After his release from prison, Morton and his lawyers pressed for, and were granted, a court of inquiry to examine Anderson’s handling of the Morton prosecution.
The court of inquiry convened to a packed courtroom — just down the hall from Anderson’s courtroom — in February for a weeklong hearing with witnesses that included Morton’s trial lawyers, former assistant prosecutors and several jurors.
Two months later, District Judge Louis Sturns issued a scathing report, finding that Anderson acted to defraud the trial court and Morton’s defense lawyers by hiding evidence. Sturns ordered Anderson to be arrested and booked into jail on the tampering charges and ordered Anderson to answer a contempt of court charge.
After his mug shot was taken, Anderson posted a personal bond and was quickly released from jail. He remained on the bench but presided over only civil matters, with criminal cases handled by visiting judges.
If convicted of the felony tampering charge, Anderson could be sentenced to up to 10 years in prison.
In the civil case, Anderson could be disbarred, have his law license suspended for a certain amount of time or receive a public reprimand.
District Judge Kelly Moore of Brownfield was appointed to preside over both the criminal and civil cases against Anderson.
In a statement released by his lawyers, Anderson said he will focus on making the transition into private life.
“I have spent the past 28 years as an elected official. It has been an incredibly rewarding experience as Williamson County has transitioned from a sleepy rural county to the dynamic county it is today,” Anderson said. “There comes a time when every public official must decide that it is time to leave public life. For me and my family, that time is now.”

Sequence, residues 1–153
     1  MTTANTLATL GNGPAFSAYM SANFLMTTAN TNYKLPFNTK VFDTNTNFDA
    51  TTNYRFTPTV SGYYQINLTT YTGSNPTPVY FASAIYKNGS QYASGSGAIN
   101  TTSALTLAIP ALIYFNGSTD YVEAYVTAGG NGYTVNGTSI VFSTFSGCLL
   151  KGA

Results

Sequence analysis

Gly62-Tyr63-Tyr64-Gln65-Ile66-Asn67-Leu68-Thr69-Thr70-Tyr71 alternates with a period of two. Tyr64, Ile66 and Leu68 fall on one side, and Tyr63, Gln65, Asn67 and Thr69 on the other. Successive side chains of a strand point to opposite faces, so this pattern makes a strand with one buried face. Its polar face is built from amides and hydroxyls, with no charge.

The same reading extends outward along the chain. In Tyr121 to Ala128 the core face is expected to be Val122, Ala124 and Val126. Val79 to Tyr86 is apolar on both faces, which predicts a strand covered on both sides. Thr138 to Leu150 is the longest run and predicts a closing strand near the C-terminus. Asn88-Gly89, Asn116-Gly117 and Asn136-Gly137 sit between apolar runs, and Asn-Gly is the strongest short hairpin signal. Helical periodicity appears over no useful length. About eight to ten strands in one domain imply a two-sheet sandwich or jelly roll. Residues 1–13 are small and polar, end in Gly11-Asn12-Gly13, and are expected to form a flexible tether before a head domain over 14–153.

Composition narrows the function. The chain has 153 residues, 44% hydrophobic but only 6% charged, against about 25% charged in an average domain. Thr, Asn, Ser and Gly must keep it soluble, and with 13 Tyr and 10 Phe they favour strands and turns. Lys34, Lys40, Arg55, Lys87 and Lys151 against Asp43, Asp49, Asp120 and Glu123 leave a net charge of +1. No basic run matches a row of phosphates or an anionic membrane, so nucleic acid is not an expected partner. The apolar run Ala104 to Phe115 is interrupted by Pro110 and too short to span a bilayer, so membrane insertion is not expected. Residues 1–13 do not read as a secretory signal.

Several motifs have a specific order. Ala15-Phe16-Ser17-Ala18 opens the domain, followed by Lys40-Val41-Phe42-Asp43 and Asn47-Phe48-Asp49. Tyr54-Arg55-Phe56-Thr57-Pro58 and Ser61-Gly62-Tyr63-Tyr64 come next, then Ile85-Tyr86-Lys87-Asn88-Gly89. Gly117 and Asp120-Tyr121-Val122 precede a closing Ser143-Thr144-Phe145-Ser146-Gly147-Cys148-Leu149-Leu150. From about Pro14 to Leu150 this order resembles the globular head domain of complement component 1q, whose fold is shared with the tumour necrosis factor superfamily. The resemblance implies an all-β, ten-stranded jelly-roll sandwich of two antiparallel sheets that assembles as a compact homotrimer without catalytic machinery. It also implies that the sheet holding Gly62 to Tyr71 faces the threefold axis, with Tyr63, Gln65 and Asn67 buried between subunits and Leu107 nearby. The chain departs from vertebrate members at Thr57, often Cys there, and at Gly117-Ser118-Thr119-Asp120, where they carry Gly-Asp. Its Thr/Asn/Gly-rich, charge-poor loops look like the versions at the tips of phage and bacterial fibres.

Morton’s lawyers, John Raley of Houston and Barry Scheck of the Innocence Project in New York, said Anderson’s resignation was “long overdue.”
“We have little doubt that the voters would not have re-elected him in next year’s contest,” Raley and Scheck said in a joint statement. “He still admits no wrongdoing and shows no real remorse, claiming it was ‘the system,’ not Ken Anderson, that failed Michael Morton.”
Career: Williamson County district attorney for 16½ years before becoming a District Court judge in 2002. State Bar of Texas’ Prosecutor of the Year in 1995.
Education: Graduated Westchester High School in Houston, 1970. University of Texas bachelor’s degree, 1973. UT Law School, 1976.
Family: Lives in Georgetown with his wife; has two sons.
Other: Wrote “Crime in Texas” and the “Texas Crime Victims Handbook,” co-authored two legal reference books.
Source: Williamson County
Chuck Lindell, who has covered legal affairs since 2005, has written more than 50 stories on Michael Morton’s case, beginning in 2008 with an appeal pressing for the DNA tests that would eventually lead to his exoneration.
Explore an interactive timeline on Ken Anderson and the Michael Morton case and read previous coverage with this story at mystatesman.com.